If this comes to being toxic for you and you decide to distance yourself you do not need to tell them you are distancing yourself, just do it. Limit time with them, limit time talking and thinking about them, and redirect your focus on your own well-being.
LET THINGS GO
When we hold onto past regrets, past hurts this creates poison in our cells, actual toxicity. Yes, it has been measured scientifically, how the water structure in our cells drastically changes because of feelings of forgiveness, gratitude, and gratefulness.
There is no need to keep rolodex of what people did to you, let it go!
It is not going to help anyone for you to regurgitate this one time, in the kitchen, two years ago, someone said this to you and this made you feel horrible, and now you have a preconceived notion about this person, and anyone who says something similar.
NO, stop it, STOP it today, right now!
Forgiveness is the most selfless, healthy, loving thing you can do for yourself and your health, it is not fully for the other person, it is mostly for you!
Refocus on understanding the person instead of finding flaws, things to correct, and errors.
We all know a person in our lives whom as soon as they feel fearful of someone discovering them, their ego kicks in to defend themselves and to aim to convince those around them they are perfect. The infamous, ‘it’s not me, it’s you,’ shift in dynamic to control the situation. The spinning cycle becomes tiring, and please do not get on the hamster wheel with them of ‘you did this, no you did this’.
In order to aim to convince people they are not at fault and are perfect (which no one is), they bring in past hurts and slights whether perceived or true that they felt from you.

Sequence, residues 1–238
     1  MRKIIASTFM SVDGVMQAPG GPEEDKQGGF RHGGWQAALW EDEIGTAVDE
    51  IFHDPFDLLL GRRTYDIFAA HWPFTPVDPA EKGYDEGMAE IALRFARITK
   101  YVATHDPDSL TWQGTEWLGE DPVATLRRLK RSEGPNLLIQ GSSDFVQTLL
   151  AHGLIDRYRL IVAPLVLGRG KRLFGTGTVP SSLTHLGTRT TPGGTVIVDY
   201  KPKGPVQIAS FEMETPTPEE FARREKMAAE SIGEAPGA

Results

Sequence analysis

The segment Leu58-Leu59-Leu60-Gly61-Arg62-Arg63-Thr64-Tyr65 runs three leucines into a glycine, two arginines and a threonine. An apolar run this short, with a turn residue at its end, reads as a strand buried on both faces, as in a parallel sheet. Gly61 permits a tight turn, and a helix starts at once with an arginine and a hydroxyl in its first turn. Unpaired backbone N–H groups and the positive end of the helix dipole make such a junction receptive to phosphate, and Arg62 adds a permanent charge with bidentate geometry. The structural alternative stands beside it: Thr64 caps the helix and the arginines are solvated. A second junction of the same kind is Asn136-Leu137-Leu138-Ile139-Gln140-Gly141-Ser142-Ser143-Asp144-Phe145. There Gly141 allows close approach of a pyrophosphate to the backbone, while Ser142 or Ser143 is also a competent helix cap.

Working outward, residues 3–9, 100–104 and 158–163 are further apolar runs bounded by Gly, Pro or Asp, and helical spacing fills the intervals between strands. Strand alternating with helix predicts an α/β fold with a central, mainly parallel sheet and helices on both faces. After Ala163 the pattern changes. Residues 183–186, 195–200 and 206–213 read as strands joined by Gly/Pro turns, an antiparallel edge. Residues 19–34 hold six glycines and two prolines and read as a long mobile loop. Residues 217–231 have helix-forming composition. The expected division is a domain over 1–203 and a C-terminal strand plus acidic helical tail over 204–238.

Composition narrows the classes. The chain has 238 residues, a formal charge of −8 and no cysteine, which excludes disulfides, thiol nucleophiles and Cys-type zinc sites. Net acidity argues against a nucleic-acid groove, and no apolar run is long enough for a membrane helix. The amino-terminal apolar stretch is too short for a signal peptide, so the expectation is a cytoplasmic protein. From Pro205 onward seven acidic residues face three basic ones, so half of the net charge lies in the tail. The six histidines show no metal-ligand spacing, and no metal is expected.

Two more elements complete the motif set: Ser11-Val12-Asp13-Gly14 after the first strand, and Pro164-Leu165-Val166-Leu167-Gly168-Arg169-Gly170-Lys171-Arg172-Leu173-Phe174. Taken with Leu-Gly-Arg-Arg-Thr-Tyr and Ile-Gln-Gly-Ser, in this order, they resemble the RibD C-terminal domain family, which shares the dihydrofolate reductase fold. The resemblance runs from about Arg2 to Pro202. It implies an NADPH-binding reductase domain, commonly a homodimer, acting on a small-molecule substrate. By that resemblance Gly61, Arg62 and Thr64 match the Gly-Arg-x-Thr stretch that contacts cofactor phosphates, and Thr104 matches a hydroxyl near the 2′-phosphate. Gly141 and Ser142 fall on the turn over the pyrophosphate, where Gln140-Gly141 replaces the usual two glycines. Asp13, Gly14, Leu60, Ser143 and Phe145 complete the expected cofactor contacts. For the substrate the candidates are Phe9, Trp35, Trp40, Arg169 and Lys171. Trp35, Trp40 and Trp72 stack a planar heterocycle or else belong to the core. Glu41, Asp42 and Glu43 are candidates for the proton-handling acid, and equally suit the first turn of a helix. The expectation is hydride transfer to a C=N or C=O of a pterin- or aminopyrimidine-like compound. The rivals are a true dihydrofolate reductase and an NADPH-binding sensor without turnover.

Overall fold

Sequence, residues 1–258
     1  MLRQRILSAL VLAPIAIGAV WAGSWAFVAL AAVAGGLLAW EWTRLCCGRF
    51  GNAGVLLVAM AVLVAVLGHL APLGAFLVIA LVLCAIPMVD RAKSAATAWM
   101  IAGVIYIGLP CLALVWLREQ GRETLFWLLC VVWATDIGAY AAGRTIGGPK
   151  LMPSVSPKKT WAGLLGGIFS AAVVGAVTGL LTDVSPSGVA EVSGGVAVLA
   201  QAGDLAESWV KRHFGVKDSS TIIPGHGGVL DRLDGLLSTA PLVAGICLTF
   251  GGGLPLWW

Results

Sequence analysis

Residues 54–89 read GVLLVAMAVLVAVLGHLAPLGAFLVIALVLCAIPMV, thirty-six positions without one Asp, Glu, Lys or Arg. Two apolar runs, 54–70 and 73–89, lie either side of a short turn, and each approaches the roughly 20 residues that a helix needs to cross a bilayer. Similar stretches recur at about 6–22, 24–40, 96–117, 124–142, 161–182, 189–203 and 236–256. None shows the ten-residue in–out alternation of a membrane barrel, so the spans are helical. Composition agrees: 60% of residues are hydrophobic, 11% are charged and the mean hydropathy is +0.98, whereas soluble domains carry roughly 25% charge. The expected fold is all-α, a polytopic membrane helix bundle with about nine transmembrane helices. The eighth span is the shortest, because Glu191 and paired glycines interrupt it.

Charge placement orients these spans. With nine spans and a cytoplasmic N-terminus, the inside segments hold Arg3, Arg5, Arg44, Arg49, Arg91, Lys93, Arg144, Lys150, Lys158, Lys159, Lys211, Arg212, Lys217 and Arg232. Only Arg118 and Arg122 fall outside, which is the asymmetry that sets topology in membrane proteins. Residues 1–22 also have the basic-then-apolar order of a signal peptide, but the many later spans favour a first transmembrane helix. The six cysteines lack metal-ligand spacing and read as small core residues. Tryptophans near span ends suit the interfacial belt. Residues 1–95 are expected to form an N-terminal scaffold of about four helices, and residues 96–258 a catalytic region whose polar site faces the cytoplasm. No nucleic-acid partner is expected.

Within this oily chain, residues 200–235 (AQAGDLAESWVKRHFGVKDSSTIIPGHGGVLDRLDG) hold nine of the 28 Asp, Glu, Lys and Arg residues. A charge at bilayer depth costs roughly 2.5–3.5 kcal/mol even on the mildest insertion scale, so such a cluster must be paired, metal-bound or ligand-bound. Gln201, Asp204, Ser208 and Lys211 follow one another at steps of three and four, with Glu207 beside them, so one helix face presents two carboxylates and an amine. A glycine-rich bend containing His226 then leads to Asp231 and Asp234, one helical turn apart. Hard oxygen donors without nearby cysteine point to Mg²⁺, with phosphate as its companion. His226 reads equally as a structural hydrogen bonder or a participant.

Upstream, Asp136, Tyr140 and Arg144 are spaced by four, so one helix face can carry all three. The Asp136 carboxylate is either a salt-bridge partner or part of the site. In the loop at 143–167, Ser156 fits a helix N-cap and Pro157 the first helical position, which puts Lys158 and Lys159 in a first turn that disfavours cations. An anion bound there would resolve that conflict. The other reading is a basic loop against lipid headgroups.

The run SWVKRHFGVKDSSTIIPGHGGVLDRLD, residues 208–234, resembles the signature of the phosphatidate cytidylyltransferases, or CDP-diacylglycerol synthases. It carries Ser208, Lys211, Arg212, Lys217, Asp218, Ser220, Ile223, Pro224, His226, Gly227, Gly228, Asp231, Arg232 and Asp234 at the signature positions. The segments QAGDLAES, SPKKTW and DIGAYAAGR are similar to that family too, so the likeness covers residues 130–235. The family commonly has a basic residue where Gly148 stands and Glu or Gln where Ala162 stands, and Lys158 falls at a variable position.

An example of a couple talking where one has taken things personally and has not let things go,
Stacey says, “Stephen, I’ve noticed when you say something to me in a sarcastic way, it often triggers a bad feeling because I feel you are not fully acknowledging my feelings in the moment, perhaps not fully hearing me. It is important for me to feel heard when we are talking, do you feel you can be a little less sarcastic? Do you feel you have been sarcastic before with me?”
Stephen replies to you, “Oh really, ha, Stacey, really though!? So typical of you to bring this up. Remember that time, in the kitchen you were sarcastic with me. I guess you’re the sarcastic one here, huh?”
Stacey is left feeling confused and still not heard.
Stacey replies, “Oh yes, the time in the kitchen, I felt we had already discussed this in detail, that was one year ago, I’m bringing up something that happened yesterday. Do you mind if we focus on the topic at hand?”
Stephen says, “Well, it is a valid point because it is you whom is sarcastic.”
Here in the conversation above one person is aiming to be heard and move the relationship to growth and empowerment, while the other is unable to take any accountability for their actions and took past hurts personally. With Stephen bringing up past hurts from months or years ago, it displays continued hurt from these events, it does not display acceptance and forgiveness. With Stacey bringing up something happening yesterday in a non judging or accusatory way, it displays her ability to move the relationship to growth.
STOP JUMPING TO CONCLUSIONS AND MAKING ASSUMPTIONS